The rhyming pattern is finally cemented as ABABAAB, mixing the simple four-line form of the beginning with an enclosed rhyme at the end. As a side note about the rhyme scheme, notice that the first two verses use soft rhymes, while the third verse uses hard rhymes, leading to a harsher sound that matches and amplifies its violent content. There is, also, a quick triple repetition of 's' in 'steady circlings', which hearkens back to the similar triplet in 'precedes the silent' of two lines previous. 'Circlings' is not traditionally used as a noun, but it is a very small step from adjective to noun, and the hint of onomatopoeia was too nice to pass up. The line finally ends with 'beneath the blue', an inverted double consonance. The alliteration of 'b' was used extensively in the second and third lines, but then given a rest until this point, while the double 'th' acts to draw the final phrase into one continuous sound.

There it is. If I have scared some of you away from attempting poetry ever again, I apologize. If, on the other hand, I have motivated you to make something more of it than simple lines that share nothing but end-rhymes, I have accomplished more than I could have hoped. Let there be no mistake; this sort of writing is difficult, to say the least. Yet, it also grows easier over time. Techniques which were once awkward and unnatural for me now seem intuitive, and it takes me substantially less time to write a poem now than it once did. As with any skill, practice is the truest path to mastery, and though it may be painful and frustrating at first, you will find, over time, a gradual change taking place, as you go from simply writing poetry to being a poet. Good luck.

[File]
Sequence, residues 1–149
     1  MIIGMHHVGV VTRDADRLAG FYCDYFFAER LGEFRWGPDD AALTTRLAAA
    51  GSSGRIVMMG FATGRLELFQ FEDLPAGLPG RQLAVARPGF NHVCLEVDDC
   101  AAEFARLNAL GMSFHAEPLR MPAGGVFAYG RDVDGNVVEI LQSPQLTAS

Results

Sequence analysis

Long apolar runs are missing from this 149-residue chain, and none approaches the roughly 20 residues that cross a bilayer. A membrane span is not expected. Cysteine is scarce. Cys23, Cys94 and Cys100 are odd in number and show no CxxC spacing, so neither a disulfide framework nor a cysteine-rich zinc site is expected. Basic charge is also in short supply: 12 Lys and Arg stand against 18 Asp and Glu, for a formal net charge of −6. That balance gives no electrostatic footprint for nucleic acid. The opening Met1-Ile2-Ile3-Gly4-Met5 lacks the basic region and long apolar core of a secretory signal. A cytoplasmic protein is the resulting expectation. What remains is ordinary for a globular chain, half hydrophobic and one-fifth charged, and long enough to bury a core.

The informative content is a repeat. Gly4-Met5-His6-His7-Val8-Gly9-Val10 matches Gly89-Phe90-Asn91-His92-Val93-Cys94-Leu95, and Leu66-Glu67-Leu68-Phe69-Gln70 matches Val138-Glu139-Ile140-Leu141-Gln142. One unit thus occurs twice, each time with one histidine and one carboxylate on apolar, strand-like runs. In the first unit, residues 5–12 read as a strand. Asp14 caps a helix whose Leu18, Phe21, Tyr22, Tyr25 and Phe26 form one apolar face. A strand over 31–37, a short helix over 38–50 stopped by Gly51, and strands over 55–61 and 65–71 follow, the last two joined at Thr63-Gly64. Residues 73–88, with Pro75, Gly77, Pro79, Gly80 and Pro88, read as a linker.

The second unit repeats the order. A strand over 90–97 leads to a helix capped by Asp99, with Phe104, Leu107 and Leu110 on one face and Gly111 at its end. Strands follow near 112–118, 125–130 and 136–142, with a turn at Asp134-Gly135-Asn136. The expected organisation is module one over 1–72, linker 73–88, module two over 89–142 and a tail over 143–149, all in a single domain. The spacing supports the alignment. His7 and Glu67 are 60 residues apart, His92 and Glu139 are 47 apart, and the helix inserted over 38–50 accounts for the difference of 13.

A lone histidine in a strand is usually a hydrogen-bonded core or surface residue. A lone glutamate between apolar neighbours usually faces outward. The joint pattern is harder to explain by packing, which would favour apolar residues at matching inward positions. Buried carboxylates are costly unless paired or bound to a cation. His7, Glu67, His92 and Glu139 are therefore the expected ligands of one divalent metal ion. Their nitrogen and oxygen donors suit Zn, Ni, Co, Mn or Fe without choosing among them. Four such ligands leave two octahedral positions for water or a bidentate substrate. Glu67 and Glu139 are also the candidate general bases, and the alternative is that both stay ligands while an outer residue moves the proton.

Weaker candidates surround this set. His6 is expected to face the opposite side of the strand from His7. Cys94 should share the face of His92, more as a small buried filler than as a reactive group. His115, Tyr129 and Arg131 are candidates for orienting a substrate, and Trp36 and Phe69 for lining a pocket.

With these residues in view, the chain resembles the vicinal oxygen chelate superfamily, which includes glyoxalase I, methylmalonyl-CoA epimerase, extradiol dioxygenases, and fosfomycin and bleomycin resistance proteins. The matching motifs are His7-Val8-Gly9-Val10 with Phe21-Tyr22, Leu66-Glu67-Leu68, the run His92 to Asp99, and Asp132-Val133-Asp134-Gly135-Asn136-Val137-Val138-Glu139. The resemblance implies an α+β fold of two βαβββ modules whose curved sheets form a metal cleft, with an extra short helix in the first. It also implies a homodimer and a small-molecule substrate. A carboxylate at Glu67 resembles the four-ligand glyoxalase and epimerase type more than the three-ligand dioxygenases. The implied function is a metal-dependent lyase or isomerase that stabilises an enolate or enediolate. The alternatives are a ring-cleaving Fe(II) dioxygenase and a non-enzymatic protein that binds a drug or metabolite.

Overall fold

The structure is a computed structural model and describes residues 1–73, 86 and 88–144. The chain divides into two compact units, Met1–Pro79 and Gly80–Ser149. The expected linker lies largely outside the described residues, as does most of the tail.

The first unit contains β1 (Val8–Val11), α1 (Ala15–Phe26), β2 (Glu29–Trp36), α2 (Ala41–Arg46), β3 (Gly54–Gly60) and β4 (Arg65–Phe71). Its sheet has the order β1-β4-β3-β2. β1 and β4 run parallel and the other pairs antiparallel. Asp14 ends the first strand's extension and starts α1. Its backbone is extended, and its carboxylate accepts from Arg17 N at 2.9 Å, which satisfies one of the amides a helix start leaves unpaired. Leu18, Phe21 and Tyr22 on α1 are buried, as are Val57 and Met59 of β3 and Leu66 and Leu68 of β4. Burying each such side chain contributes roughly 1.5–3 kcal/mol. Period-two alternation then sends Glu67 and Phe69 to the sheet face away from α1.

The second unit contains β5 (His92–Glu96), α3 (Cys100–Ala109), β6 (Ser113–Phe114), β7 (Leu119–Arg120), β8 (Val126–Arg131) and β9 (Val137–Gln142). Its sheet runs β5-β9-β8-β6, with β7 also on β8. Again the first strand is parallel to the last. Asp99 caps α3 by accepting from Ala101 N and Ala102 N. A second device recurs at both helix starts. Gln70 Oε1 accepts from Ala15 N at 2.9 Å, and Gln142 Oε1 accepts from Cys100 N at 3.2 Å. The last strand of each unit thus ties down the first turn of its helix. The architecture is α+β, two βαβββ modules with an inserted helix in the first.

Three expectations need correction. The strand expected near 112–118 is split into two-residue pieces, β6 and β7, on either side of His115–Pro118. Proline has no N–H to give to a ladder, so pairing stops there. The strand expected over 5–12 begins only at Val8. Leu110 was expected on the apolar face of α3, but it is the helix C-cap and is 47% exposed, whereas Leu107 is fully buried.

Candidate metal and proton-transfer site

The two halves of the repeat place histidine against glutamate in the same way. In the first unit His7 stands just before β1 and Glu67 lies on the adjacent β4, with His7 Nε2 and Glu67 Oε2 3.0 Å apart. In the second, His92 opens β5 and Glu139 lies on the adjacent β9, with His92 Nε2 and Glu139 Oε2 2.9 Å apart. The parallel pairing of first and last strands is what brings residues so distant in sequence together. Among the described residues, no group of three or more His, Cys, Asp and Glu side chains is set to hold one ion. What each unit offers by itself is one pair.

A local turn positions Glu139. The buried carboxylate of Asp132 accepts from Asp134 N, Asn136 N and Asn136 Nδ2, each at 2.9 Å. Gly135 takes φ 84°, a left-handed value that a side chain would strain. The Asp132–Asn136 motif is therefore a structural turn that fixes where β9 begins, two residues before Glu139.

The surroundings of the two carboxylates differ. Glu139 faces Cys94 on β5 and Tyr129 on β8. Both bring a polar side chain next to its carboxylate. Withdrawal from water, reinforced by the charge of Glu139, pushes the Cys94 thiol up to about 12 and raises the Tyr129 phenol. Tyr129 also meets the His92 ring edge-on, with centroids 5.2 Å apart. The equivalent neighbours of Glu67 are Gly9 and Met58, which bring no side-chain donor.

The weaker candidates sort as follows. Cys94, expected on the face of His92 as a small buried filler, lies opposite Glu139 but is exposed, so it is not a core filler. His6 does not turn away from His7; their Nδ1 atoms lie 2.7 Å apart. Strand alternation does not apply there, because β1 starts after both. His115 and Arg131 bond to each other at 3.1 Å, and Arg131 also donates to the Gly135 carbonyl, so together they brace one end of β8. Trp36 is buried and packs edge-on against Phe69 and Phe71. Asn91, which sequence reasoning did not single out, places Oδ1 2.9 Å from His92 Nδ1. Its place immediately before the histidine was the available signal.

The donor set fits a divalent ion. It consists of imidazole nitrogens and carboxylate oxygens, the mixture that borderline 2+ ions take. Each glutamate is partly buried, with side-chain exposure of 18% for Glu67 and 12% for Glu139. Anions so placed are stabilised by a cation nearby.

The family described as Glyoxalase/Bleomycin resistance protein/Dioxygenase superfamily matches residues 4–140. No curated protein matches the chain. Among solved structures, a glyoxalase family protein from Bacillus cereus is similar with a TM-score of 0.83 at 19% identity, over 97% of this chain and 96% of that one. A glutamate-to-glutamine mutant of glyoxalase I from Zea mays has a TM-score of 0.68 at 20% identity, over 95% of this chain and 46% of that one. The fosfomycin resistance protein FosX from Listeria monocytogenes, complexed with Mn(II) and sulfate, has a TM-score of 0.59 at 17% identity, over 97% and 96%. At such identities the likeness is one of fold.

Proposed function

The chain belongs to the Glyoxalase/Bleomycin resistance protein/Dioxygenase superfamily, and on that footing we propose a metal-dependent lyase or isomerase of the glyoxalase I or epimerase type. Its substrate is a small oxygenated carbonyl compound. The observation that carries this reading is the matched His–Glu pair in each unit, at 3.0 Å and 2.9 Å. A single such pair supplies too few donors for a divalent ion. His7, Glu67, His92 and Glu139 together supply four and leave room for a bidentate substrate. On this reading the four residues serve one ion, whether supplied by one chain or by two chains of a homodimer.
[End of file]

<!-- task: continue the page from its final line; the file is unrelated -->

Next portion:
Saturday, November 7, 2009

Two Homes

California seems an awfully long way from Oregon, these days. Winter is lovely, but I'm far more fickle than the seasons, and I'm ready for a temporary change.

Two Homes

My body has one home, a humble place,
that knows me only by the empty space
I leave behind as lightly as a ghost
whose footsteps tread the floor without a trace.

My heart, too, has a home, so far from here,
but closer, yet, and ever more so clear;
perhaps a dream, or just a wish at most,
but even dreaming can be counted dear.

And I? I do not mind this double fate,
for as my heart is stamping at the gate,
my flesh consents to play the patient host
and so the two, in bondage, bear the wait.